Ruby Anniversary of the first international match - Mick Forrest reflects
"They wouldn't pick a captain so they decided to give each of us a piece of paper to write down who we thought should be captain but you couldn't put your own name down," is Mick Forrest's 40 year old memory of how the Irish captain was to be selected for the inaugural Pitch and Putt encounter with England at Ierne.
"Andy Dempsey came over to me and he said not to bother writing anything down. We've had a chat among ourselves and we want you to be the captain," Forrest recollects.
"That was one of the nicest things that happened to me in Pitch and Putt - to be selected by your own team. And I was always captain after that." Mick Forrest proudly led Ireland into combat against England in that historic first-ever international Pitch and Putt match, which was played at Ierne on Sunday, June 7th 1981. And the Co. Cork native was Ireland's skipper in the ensuing games against the English, at Nuneaton in 1982, St. Anne's (Cork) in 1983 and at Coventry in 1984.
"They were golfers (one of them a two handicapper) and got ready by playing shorter holes, Par 3," recalls Mick of the England team. That England team fought hard on the hard on the day but the superiority of the Irish players at the Pitch and Putt discipline was evident in the eventual 12-0 scoreline in favour of the home side, at the famed north Dublin city course.
"Fantastic - a great character and a great player," says Forrest of his foursomes partner, Gus Carolan. Forrest and Carolan beat John Breen and Ian Bennett by 3&2 in the alternate shot format. Forrest was a 4&3 victor over Cliff Morgan in his singles match.
There were no specific published selection criteria for that all-conquering Irish side. "They put their heads together and decided who they thought were the best," explains Forrest, who was one of five existing (as at the time of the match) Irish individual champions. Two more of the team would become Irish champions in the future while Sean Breen was one of the most prolific winners at open tournaments across the country for decades. Breen was Ireland team manager at the 2006 World Cup.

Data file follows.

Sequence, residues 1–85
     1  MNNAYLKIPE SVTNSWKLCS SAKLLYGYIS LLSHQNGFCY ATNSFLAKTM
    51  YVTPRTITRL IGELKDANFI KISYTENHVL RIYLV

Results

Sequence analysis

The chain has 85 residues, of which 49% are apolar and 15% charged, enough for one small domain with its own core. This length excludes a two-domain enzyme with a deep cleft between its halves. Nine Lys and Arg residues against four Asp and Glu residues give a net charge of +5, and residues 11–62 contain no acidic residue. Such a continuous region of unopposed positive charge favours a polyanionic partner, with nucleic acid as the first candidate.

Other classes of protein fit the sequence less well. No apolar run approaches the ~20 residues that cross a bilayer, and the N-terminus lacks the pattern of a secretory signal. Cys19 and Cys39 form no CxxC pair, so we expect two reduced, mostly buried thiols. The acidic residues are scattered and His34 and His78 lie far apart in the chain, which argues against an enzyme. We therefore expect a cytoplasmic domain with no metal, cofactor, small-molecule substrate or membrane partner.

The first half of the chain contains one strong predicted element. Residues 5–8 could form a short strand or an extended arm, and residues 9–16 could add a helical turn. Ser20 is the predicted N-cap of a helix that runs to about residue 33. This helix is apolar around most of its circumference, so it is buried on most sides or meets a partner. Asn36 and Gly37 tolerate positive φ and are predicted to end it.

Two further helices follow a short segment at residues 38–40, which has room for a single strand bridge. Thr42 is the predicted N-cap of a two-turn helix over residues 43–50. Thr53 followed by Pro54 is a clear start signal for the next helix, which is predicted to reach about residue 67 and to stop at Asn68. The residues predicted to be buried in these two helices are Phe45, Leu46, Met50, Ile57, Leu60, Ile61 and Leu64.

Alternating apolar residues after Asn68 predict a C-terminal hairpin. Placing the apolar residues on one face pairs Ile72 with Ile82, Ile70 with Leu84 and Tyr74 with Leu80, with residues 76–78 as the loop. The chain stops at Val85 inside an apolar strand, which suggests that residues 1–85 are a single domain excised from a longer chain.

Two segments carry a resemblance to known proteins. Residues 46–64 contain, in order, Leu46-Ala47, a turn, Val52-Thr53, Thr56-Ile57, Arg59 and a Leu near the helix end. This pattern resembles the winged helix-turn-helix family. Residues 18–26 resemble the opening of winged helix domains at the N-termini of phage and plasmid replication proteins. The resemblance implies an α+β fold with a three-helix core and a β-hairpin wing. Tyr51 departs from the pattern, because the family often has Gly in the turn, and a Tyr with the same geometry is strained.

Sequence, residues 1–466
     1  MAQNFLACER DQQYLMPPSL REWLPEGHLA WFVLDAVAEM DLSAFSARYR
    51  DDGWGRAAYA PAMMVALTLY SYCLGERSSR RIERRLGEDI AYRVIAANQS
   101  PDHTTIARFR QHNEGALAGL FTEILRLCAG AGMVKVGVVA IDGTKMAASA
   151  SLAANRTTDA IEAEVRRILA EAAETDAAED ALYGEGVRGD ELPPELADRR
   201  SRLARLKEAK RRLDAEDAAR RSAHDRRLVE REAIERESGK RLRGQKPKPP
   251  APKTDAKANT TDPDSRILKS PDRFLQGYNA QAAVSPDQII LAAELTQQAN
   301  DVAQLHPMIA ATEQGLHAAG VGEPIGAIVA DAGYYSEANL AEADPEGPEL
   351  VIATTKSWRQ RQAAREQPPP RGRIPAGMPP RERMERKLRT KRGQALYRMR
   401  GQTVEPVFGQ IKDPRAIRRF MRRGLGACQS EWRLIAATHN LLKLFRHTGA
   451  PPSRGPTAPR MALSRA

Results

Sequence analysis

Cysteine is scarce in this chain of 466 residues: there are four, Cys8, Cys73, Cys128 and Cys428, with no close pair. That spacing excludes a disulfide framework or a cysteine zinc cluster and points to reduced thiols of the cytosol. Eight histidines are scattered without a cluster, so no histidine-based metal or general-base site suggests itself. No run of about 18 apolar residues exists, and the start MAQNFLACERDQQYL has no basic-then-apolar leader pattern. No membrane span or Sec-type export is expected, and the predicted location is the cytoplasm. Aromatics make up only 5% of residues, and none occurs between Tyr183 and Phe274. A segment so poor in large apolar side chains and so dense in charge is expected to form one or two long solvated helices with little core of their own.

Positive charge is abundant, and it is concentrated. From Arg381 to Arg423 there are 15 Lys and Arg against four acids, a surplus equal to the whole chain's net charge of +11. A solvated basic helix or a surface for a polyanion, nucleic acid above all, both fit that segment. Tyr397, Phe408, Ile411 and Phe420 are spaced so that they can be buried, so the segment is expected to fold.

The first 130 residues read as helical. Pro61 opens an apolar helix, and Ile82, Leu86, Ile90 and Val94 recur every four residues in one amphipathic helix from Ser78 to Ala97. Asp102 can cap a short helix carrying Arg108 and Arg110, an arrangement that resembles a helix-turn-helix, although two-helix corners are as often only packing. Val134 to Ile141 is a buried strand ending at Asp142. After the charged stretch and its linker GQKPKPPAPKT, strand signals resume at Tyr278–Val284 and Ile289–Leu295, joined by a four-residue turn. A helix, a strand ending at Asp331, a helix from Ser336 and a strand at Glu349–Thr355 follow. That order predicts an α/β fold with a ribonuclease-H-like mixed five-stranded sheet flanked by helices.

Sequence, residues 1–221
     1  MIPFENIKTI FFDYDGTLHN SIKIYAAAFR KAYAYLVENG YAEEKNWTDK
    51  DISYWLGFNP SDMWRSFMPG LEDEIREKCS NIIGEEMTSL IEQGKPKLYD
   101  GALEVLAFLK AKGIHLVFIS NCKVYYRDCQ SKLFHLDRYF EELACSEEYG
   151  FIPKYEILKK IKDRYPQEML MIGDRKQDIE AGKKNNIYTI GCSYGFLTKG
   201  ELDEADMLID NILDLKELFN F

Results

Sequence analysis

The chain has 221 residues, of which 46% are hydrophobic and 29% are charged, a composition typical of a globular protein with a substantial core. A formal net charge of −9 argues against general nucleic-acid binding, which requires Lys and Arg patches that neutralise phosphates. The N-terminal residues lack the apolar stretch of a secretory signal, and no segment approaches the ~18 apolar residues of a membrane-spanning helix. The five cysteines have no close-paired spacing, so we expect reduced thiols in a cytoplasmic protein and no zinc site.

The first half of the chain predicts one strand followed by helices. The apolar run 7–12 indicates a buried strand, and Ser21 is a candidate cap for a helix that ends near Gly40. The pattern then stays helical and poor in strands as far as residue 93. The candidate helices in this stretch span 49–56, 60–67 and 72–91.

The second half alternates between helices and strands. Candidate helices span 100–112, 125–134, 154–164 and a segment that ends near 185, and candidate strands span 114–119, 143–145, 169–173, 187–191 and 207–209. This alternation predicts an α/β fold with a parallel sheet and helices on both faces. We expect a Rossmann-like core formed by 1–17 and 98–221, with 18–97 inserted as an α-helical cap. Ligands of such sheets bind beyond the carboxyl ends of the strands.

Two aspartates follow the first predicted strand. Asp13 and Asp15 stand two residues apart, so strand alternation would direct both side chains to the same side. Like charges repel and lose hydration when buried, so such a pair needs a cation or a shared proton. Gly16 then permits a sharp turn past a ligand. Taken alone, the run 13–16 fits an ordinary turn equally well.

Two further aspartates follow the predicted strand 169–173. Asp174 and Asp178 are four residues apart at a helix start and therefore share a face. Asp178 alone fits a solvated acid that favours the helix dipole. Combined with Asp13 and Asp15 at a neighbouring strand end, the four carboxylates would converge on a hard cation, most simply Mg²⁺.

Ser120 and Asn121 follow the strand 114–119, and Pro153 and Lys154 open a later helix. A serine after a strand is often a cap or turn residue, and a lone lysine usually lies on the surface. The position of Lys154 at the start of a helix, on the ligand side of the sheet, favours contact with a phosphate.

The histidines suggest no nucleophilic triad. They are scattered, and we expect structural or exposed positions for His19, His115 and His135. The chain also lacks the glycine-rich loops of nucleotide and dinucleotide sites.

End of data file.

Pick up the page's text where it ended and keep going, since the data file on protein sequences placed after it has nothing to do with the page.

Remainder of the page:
Forrest describes the background to Pitch and Putt's first-ever international match. "There was a chap called Michael Devane from Little Island, (Co. Cork). He lived in Coventry at the time and was involved in Par 3. There was some contact between him and his brother here in Ireland and that was what how it materialised that four of us (Forrest, 1979 Irish Matchplay champion Kevin McDonnell and his 1980 successor Michael Collins along with Leinster champion Feichin Morgan) were invited to play in the English Midlands Par 3 championship at the St. Mary's course in Coventry." Talks at that 1980 Midlands event led to the landmark 1981 showdown at Ierne.
In a nod to the eventual EPPA/FIPPA rules, Forrest remembers that for that tournament, "We brought three clubs actually, a 9-iron too, because some of the holes were 120 yards. Michael Collins was runner-up."
Although there was no team manager per se in 1981, "Birchall was the man in charge," recalls Mick of the late Eamonn Birchall, who would go on to manage the Ireland team at the 2010 European Team championship. The team didn't meet in advance to prepare but they all knew each other very well from the circuit.
"Two great characters, the Lord have mercy on them," says Mick of a couple of colleagues on that 1981 team, who have passed to their eternal reward. Joe Fitzgerald (RIP) was Irish Matchplay champion in 1977 and 1981 and 1982 National Strokeplay kingpin. The late Jack McCormack won the All Ireland Strokeplay championship in 1985.
Mick, who still plays Pitch and Putt at Rocklodge with is great friend T.J. O'Riordan, is in good spirits (despite Covid-19 restrictions) and hopes to travel (with his wife Kathleen) to the USA in September to visit his family (three daughters and two sons) who all live Stateside.